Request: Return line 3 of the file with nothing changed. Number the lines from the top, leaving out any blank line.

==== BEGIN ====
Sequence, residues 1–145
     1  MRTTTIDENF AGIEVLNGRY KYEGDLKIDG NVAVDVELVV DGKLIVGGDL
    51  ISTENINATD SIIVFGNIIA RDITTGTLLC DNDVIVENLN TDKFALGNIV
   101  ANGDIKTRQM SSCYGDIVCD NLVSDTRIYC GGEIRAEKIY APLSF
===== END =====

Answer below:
    51  ISTENINATD SIIVFGNIIA RDITTGTLLC DNDVIVENLN TDKFALGNIV